“You see this book? Virginia Woolf’s husband looked up rude words in this book.” Such is the type of story associated with many of the volumes held on the shelves of the London Library. It’s a literary lover’s dream, complete with labyrinthine aisles densely packed with a collection built up since 1841.
The Library was founded by Thomas Carlyle as an alternative to the library at the British Museum, which he claimed was filled with “snorers, snufflers, wheezers, spitters” interrupting his quiet study. His subscription, members-only institute would soon attract many famous names to come and browse through the reference books—past members include Charles Dickens, Arthur Conan Doyle, Charles Darwin, Agatha Christie, and Winston Churchill—some later providing their own books for the shelves.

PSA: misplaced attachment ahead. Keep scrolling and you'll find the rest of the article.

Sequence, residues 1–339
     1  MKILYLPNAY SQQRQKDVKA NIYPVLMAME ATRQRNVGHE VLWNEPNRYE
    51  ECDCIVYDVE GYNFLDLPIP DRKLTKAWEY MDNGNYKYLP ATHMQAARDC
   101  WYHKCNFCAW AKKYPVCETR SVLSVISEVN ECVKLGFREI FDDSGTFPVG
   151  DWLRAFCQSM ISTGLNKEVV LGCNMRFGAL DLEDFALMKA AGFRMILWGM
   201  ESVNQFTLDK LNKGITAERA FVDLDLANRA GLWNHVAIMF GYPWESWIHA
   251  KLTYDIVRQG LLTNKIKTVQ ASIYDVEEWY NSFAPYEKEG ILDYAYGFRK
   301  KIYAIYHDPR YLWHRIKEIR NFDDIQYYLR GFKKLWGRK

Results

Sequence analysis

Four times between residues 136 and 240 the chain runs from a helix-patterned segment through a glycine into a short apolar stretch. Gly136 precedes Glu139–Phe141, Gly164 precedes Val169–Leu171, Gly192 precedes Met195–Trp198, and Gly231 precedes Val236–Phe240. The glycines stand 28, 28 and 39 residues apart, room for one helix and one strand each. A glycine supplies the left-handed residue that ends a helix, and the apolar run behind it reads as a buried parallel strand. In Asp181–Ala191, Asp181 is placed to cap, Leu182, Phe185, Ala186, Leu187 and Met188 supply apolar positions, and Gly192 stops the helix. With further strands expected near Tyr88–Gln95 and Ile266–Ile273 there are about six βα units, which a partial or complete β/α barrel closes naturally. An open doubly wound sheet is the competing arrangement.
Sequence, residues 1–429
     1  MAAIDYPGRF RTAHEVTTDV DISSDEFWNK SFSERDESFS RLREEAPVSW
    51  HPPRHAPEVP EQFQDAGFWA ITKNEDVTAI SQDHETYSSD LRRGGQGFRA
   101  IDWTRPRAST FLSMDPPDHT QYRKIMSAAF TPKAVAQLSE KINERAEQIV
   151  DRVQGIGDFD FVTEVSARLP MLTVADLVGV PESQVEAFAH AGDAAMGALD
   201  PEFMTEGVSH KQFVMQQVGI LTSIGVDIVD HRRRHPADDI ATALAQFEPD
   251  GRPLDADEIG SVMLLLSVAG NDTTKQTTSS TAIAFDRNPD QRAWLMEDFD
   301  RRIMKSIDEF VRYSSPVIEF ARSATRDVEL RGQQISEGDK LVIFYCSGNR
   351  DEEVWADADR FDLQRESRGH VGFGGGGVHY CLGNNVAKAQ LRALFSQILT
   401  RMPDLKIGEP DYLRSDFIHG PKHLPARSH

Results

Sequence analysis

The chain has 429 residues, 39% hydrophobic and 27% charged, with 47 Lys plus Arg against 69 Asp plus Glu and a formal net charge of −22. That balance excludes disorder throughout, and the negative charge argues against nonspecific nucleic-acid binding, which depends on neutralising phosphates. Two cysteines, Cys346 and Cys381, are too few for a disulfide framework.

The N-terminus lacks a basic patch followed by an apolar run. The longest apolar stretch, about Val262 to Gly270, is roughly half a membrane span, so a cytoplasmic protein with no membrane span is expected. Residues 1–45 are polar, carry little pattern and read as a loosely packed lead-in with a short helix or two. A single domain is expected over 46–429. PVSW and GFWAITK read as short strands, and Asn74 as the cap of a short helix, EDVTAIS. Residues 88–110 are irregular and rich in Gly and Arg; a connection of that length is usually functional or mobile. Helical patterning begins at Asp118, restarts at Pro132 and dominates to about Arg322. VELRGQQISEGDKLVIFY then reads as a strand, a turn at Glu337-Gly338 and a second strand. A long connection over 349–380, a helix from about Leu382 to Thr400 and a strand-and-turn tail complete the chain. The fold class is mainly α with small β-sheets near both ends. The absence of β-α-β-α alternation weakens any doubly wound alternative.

The London Library’s relatively unassuming and narrow façade truly belies the size of the collection. The books are arranged alphabetically by subject matter on heavily-laden stacks, which stretch continuously from ground level to the upper stories. Metal grills were laid on the floor to provide walkways, thus allowing for more books to be packed in that regular floors would.
Its shelves are filled with more than a million titles, including first editions, books dating from the 16th century to the present day, plus journals and periodicals. Want to borrow the first book that was let out in 1841? You still can! Over 97 percent of the collection is available for loan, and unlike most other libraries, there is no due date.